The other day while scrolling through Instagram, as I typically do as part of my downtime, I noticed a particular pattern from someone I follow who labels herself as a “celebrity nutritionist”. She’s been taking recipe creations from TikTok and critiquing the recipe by shaking her head as if to say “yes I approve” or “no I don’t”. Sometimes she’ll add commentary in writing about the “health” of the recipe and whether she approves it or not. 

Keep in mind this celebrity nutritionist has her own diet plan on the market, so certainly she could be judging these recipe creations based upon what she would approve for her own diet plan; however, that isn’t clearly stated as part of her critique. Almost every time I see this type of IG reel pop up on my feed, I’m slightly triggered because of what I’ve learned as a Registered Dietitian.

Even when I look at her posts from the angle of a certified health coach, I give her the side-eye a bit, mostly because I’d encourage her to remember that we all have different preferences, and our physiology also plays a part in our response to different food choices. Some of the recipes she approves of I know wouldn’t work well for me personally. Others that she advises to avoid may actually work better for my body and my goals.

While I may not be a celebrity nutritionist, I do consider myself to be pretty well-informed and open-minded when it comes to nutrition education. I’ve never really bought into the “one size fits all” approach to nutrition, which is why I love my job as a Metabolic Optimization Coach. It is safe to say my client roster is full of clients achieving their goals even though none of their diets look exactly the same. 

Maybe my comments thus far make me seem like I’m hating on her a bit, and that isn’t at all my intention. I still follow her and I think her plan can be reasonable for some, but not best for all. Plus, I understand part of the reason she is posting these reels on Instagram is to sell her plan and her products as part of a marketing strategy. 

So how does this relate to designing a healthy diet if weight loss is your goal? According to the USDA, a “healthy diet” involves creating an eating pattern that provides enough of each essential nutrient, without eliminating any one food group and instead choosing a variety of foods from each essential food group. A “healthy diet” should also focus on balancing calories in a way that allows you to achieve and sustain your ideal weight. Typically this involves limiting things like trans fats or hydrogenated oils, high sugar foods, and avoiding alcohol.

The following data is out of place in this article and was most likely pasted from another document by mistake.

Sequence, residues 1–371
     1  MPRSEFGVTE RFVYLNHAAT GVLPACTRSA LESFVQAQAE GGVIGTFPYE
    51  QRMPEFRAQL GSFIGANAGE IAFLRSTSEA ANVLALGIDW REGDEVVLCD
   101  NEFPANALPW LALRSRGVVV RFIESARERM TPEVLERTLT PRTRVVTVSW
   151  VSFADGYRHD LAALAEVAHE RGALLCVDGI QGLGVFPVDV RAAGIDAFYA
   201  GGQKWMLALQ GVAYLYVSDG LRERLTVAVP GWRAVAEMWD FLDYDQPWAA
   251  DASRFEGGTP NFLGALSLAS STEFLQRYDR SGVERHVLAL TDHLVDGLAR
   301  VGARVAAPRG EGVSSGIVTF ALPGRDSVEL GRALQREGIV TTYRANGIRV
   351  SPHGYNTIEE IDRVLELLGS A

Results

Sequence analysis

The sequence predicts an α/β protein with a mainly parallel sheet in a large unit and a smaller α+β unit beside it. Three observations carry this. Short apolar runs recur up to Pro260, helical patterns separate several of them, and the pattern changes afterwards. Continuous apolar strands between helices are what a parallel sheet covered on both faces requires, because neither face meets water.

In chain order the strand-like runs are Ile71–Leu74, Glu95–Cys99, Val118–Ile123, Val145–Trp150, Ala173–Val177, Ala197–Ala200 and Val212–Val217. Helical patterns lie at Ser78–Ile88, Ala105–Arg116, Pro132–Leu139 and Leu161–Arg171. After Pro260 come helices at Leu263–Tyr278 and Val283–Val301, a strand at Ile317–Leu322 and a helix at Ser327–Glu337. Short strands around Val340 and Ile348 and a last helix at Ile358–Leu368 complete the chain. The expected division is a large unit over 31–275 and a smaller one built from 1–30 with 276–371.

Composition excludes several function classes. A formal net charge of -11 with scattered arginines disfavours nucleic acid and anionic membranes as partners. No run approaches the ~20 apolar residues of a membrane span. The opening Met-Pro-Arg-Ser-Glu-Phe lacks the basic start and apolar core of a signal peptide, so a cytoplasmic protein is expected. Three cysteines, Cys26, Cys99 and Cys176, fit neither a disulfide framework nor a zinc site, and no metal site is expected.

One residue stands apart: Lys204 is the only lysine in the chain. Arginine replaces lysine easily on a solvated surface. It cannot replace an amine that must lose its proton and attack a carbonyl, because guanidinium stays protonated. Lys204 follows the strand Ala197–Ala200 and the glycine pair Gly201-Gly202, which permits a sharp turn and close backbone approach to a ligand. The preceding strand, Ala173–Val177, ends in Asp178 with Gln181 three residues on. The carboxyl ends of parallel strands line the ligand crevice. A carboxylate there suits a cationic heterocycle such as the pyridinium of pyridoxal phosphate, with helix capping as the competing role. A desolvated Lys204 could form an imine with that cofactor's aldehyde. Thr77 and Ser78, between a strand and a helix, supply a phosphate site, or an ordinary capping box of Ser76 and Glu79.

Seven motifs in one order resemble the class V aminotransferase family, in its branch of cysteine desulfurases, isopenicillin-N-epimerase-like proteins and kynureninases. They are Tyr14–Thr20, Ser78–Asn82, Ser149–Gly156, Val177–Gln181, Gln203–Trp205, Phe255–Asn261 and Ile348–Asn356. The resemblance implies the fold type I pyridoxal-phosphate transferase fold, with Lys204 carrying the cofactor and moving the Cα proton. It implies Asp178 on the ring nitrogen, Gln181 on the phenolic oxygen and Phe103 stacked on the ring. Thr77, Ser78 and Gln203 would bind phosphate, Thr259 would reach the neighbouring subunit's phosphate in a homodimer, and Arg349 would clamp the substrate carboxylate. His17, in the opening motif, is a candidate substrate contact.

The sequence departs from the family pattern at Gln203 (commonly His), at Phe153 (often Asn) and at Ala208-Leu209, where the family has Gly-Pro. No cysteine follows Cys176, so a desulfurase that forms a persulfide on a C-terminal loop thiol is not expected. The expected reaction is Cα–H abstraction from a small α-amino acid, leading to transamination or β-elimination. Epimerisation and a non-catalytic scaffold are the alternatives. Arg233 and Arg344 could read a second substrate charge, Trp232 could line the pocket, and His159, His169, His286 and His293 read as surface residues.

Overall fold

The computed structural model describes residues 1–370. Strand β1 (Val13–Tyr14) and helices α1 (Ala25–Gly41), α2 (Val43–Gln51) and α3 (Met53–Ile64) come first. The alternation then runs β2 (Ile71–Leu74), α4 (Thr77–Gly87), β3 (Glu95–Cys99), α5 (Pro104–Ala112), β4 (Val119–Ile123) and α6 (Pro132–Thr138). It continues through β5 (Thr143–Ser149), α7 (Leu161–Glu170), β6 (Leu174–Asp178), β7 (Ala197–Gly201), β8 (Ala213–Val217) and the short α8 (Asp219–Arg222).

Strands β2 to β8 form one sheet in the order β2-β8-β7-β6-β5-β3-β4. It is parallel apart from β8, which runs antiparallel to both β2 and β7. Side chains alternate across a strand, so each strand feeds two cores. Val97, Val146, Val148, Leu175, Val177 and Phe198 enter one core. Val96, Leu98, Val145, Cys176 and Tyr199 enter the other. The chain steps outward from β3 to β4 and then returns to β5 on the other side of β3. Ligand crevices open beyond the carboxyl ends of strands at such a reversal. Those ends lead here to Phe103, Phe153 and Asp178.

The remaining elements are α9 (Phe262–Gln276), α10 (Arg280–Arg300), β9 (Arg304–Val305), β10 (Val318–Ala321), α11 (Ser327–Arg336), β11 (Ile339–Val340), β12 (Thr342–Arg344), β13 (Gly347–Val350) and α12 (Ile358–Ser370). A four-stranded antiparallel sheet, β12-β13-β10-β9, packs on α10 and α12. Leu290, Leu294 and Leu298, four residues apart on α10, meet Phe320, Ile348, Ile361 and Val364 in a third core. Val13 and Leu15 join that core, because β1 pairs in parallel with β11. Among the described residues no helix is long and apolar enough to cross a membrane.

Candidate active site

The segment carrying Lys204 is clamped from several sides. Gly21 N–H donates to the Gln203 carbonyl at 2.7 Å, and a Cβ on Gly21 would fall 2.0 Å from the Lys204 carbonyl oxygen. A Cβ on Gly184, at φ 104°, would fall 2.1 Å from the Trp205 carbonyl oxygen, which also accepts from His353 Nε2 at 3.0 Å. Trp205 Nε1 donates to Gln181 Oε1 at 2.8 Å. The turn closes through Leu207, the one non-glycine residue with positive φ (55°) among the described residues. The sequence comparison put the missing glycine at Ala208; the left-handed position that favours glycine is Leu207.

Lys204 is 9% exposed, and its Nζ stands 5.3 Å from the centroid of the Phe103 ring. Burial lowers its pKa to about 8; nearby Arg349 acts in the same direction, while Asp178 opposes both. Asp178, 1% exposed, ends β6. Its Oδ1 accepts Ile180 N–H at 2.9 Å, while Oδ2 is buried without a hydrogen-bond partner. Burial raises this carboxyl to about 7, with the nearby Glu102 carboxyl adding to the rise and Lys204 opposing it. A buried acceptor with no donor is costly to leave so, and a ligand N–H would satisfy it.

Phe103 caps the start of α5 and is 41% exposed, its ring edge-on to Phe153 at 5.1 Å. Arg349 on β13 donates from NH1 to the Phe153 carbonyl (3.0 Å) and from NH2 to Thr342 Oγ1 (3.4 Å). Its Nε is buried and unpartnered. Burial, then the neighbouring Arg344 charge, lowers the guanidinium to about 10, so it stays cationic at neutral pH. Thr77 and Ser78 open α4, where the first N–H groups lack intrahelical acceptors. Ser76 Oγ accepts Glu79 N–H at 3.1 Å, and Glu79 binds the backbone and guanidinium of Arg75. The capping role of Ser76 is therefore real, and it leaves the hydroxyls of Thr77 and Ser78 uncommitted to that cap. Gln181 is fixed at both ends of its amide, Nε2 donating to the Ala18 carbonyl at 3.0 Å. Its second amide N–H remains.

“Eating healthy is NOT the same as eating for weight loss. Eating more of the right foods can reduce calories for sure, but there are plenty of people who don’t lose, and can even gain, from trying to eat “healthy.”

~ Dr. Jade Teta

Because our program operates on the principles of becoming a metabolic detective, our definition is different. Notice how Dr. Jade’s philosophy of what makes up a “healthy diet” differs:

  • Healthy means different things to different people.
  • You can overeat healthy foods just like you can overeat other foods.
  • Plenty of healthy foods are still high in calories (which by the way doesn’t always mean nutrient-dense in the way of supplying your body with plenty of vitamins, minerals, antioxidants, etc.).
  • A healthy meal is neither healthy or weight loss friendly if, as a result of eating it, you eat more and worse foods later.

To elaborate on Dr. Jade’s principles, what you personally define as a healthy diet may also shift and change over time. There have been periods in my own life, for example, where I’ve felt best on more of a Paleo diet versus periods in my life where I’ve simply just worked to hit certain macros daily. No matter the dietary approach, however, the goal was always to create a diet that keeps my SHMEC in check and helps me to achieve my personal goals. 

I’d encourage you to start to refine your diet according to our principles if weight loss is your goal and if you’ve been confused about how to create your own version of a healthy diet. Look to your SHMEC first, tweak from there, and monitor your results over time. As you are doing so, remember that weight loss is often a process not a protocol. In other words, stay aware and mindful of how your body responds to how you are nourishing it. Pay attention to all of the subtle changes that go on to impact your sleep, hunger, mood, energy, and cravings.

Now that you know more about how a healthy diet differs from person to person, and you understand that a healthy diet isn’t always necessarily composed of foods you might see promoted by influencers and gurus, are you going to make some changes to your nutrition plan? What if weight loss is your goal? If you use Dr. Jade’s definition of a healthy diet versus the definition created by the USDA, how do you view the food choices that you are making on a more regular basis? Let us know!

Photo by Total Shape on Unsplash